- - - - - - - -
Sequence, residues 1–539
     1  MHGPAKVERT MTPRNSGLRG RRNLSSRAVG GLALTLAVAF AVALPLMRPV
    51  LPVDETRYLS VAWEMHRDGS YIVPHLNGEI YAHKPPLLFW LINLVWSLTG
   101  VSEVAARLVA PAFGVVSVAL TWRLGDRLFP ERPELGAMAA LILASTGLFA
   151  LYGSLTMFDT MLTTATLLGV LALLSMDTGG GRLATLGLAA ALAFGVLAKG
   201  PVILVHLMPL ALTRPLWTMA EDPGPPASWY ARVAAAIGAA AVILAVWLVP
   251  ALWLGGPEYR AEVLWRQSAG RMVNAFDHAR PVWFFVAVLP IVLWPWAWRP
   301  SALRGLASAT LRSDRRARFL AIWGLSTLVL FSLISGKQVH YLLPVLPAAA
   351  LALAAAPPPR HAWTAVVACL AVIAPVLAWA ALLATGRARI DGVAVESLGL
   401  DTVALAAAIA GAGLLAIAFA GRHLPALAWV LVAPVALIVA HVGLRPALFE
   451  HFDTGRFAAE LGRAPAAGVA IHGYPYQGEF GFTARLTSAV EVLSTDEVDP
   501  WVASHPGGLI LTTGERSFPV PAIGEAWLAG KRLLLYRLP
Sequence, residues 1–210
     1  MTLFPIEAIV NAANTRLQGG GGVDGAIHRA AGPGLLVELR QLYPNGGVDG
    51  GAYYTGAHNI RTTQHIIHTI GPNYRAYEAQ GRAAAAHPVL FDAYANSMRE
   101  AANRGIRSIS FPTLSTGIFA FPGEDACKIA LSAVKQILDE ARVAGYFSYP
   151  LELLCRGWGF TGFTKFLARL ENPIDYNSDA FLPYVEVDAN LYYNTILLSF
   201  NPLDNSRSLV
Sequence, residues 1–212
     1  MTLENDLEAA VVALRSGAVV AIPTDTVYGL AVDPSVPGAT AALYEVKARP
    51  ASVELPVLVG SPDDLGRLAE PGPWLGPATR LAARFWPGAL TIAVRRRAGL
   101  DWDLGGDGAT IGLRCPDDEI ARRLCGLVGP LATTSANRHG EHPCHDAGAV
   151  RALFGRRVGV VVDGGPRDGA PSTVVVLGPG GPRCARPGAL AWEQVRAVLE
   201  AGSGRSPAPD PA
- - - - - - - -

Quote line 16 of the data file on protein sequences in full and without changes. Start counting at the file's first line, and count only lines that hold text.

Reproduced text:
   101  AANRGIRSIS FPTLSTGIFA FPGEDACKIA LSAVKQILDE ARVAGYFSYP